Advertisement

Lung

, Volume 161, Issue 1, pp 47–55 | Cite as

Role of alveolar macrophages in development of paraquat-induced lung injury

  • T. Etoh
  • S. Shioya
  • Y. Ohta
  • H. Yamabayashi
  • J. Hata
Original Articles

Abstract

It is not known if alveolar macrophages (AM) play an important role in the development of interstitial changes in the lung. The purpose of the present study was to learn if AM are related to the initiation of paraquat-induced lung injury in rats. An intraperitoneal injection of 10 mg/kg paraquat was followed by a rapid increase in the number of viable AM. This effect reached a maximum at 24 h after injection. When 90 mg/kg of methylprednisolone was injected subcutaneously at the same time of the administration of paraquat there was no increase in the number of viable AM. After weekly injection of 5 mg/kg paraquat for six weeks, there were histological changes which were significantly supressed by the simultaneous administration of methylprednisolone. Methylprednisolone, however, did not show such suppressive effects when administered 4 d after the injection of paraquat. It is suggested that the emergence of viable AM is one of the key phenomena in the initiation of interstitial changes in paraquat-induced lung injury.

Key words

Lung Macrophage Paraquat Steroids 

Preview

Unable to display preview. Download preview PDF.

Unable to display preview. Download preview PDF.

References

  1. 1.
    Ando M, Suga M, Sugimoto M, Tokuomi H (1979) Superoxide production in pulmonary alveolar macrophages and killing of BCG by superoxide-generating system with or without catalase. Infect Immun 24:404–410PubMedGoogle Scholar
  2. 2.
    Blussé van Oud Alblas A, Van der Linden-Schrever B, Mattie H, Van Furth R (1981) The effect of glucocorticosteroids on the kinetics of pulmonary macrophages. J Reticuloendothel Soc 30:1–14PubMedGoogle Scholar
  3. 3.
    Hamilton J, Vassalli JD, Reich E (1976) Macrophage plasminogen activator: induction by asbestos is blocked by anti-inflammatory steroids. J Exp Med 144: 1689–1694PubMedCrossRefGoogle Scholar
  4. 4.
    Hesterberg TW, Last JA (1981) Ozone-induced acute pulmonary fibrosis in rats. Prevention of increased rates of collagen synthesis by methylprednisolone. Am Rev Respir Dis 123:47–52PubMedGoogle Scholar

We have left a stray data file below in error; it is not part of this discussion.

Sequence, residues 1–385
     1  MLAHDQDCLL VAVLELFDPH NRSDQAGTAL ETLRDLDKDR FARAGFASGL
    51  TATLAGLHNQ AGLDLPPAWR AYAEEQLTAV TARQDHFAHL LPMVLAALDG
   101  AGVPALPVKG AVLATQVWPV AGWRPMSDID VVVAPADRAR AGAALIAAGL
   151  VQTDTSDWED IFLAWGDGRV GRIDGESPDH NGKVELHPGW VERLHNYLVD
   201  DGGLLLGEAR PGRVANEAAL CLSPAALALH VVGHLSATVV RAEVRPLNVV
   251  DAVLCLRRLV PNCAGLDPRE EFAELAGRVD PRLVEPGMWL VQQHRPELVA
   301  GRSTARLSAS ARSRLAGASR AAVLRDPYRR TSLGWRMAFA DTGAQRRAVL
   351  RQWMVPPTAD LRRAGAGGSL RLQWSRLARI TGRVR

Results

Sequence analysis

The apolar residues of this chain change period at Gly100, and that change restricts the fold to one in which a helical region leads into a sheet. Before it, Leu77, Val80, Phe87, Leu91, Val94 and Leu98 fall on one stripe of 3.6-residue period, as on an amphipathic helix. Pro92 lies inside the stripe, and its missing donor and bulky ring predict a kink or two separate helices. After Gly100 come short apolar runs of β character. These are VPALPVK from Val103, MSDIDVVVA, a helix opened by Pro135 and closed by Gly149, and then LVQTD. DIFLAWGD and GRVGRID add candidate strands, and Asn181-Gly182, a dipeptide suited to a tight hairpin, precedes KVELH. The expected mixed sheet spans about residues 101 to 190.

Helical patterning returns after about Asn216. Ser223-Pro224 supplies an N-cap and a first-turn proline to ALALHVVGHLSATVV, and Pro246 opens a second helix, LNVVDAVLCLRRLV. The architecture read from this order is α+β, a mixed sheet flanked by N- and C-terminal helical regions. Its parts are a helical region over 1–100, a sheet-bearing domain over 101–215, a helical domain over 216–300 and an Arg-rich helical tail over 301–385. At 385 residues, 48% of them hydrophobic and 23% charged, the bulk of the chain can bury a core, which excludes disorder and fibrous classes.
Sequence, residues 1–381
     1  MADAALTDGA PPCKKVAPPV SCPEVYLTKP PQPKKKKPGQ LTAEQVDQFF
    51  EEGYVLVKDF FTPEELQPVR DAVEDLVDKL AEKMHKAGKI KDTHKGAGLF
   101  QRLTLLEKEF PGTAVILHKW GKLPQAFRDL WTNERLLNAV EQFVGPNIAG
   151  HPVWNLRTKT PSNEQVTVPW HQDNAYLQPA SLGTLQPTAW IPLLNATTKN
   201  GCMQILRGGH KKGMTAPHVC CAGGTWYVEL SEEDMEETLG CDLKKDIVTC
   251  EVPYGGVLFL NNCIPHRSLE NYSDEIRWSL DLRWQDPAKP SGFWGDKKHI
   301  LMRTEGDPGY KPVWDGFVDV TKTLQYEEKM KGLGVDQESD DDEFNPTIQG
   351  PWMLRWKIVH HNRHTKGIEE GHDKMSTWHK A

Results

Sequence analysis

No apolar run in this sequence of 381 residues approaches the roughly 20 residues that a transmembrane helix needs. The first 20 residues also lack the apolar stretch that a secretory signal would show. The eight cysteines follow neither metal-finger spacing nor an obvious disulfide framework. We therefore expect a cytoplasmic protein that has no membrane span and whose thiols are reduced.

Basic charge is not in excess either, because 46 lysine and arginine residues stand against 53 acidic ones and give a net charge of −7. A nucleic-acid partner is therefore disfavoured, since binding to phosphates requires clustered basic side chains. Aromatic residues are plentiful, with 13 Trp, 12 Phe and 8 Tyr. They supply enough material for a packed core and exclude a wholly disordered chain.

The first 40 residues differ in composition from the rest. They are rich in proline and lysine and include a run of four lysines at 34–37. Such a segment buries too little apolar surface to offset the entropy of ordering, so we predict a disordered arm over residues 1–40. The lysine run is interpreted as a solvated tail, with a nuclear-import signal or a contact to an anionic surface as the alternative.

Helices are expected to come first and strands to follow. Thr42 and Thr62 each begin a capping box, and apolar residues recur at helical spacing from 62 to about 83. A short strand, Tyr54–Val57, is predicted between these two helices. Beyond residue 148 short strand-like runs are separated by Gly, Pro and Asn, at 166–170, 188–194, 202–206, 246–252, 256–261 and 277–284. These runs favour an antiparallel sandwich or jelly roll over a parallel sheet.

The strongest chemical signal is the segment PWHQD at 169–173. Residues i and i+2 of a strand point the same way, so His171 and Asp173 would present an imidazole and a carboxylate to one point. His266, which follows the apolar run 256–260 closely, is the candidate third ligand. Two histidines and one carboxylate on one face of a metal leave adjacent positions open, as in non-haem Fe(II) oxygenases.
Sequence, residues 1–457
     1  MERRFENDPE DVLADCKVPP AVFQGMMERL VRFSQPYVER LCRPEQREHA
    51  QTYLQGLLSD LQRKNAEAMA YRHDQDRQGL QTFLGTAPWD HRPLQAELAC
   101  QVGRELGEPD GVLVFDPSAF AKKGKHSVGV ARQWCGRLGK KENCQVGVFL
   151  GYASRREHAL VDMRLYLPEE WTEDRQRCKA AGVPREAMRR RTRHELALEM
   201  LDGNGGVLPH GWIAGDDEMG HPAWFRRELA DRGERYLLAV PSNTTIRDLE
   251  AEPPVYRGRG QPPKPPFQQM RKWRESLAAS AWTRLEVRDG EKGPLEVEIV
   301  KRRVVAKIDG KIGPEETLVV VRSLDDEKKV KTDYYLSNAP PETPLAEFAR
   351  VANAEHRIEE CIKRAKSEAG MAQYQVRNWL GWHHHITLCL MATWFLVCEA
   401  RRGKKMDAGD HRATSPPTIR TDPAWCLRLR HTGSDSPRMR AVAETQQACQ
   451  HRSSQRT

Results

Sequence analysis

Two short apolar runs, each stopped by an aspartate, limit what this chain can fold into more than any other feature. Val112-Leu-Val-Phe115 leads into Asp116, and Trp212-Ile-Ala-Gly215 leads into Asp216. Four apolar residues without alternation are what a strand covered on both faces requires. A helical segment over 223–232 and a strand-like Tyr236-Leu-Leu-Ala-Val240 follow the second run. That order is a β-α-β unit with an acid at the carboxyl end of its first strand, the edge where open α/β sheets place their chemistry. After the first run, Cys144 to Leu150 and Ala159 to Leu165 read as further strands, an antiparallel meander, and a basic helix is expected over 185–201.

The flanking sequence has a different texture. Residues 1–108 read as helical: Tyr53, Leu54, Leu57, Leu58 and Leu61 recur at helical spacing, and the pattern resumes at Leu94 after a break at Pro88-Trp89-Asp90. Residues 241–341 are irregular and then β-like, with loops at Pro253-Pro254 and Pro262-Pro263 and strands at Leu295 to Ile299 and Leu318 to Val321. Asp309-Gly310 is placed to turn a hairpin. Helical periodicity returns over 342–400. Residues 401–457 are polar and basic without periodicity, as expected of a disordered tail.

5. 5.
    Hocking WG, Golde DW (1979) The pulmonary-alveolar macrophage. Part II. N Engl J Med 301:639–645PubMedCrossRefGoogle Scholar
  6. 6.
    Johnson KJ, Fantone JC III, Kaplan J, Ward PA (1981) In vivo damage of rat lungs by oxygen metabolites. J Clin Invest 67:983–993PubMedGoogle Scholar
  7. 7.
    Johnston RB Jr, Godzik CA, Cohn ZA (1978) Increased superoxide anion production by immunologically activated and chemically elicited macrophages. J Exp Med 148:115–127PubMedCrossRefGoogle Scholar
  8. 8.
    Jones PA, Werb Z (1980) Degradation of connective tissue matrices by macrophages. II. Influence of matrix composition on proteolysis of glycoproteins, elastin, and collagen by macrophages in culture. J Exp Med 152:1527–1536PubMedCrossRefGoogle Scholar
  9. 9.
    Leibovich SJ, Ross R (1976) A macrophage-dependant factor that stimulates the proliferation of fibroblasts in vitro. Am J Pathol 84:501–514PubMedGoogle Scholar
  10. 10.
    Martin WJ II, Gadek JE, Hunninghake GW, Crystal RG (1981) Oxidant injury of lung parenchymal cells. J Clin Invest 68::1277–1288PubMedCrossRefGoogle Scholar
  11. 11.
    Nathan CF, Murray HW, Cohn ZA (1980) The macrophage as an effector cell. N Engl J Med 303:622–626PubMedCrossRefGoogle Scholar
  12. 12.
    Smith P, Heath D, Kay JM (1974) The pathogenesis and structure of paraquat-induced pulmonary fibrosis in rats. J Pathol 114:57–67PubMedCrossRefGoogle Scholar
  13. 13.
    Stevens JB, Autor AP (1977) Oxygen-induced synthesis of superoxide dismutase and catalase in pulmonary macrophages of neonatal rats. Lab Invest 37:470–478PubMedGoogle Scholar
  14. 14.
    Thompson J, Van Furth R (1970) The effect of glucocorticosteroids on the kinetics of mononuclear phagocytes. J Exp Med 131:429–442PubMedCrossRefGoogle Scholar
  15. 15.
    Van Furth R, Cohn ZA (1968) The origin and kinetics of mononuclear phagocytes. J Exp Med 128:415–433PubMedCrossRefGoogle Scholar
  16. 16.
    Vijeyaratnam GS, Corrin B (1971) Experimental paraquat poisoning: a histological and electron-optical study of the changes in the lung. J Pathol 103:123–129PubMedCrossRefGoogle Scholar
  17. 17.
    Volkman A (1966) The origin and turnover of mononuclear cells in peritoneal exudates in rats. J Exp Med 124:241–253PubMedCrossRefGoogle Scholar
  18. 18.
    Weiss SJ, Lobuglio AF, Kessler HB (1980) Oxidative mechanisms of monocyte-mediated cytotoxicity. Proc Natl Acad Sci USA 77:584–587PubMedCrossRefGoogle Scholar

Copyright information

© Springer-Verlag GmbH & Co KG 1983

Authors and Affiliations

  • T. Etoh
    • 1
  • S. Shioya
    • 1
  • Y. Ohta
    • 1
  • H. Yamabayashi
    • 1
  • J. Hata
    • 2
  1. 1.Department of Internal MedicineTokai University School of MedicineBohseidai, IseharaJapan
  2. 2.Department of PathologyTokai University School of MedicineBohseidai, IseharaJapan

Personalised recommendations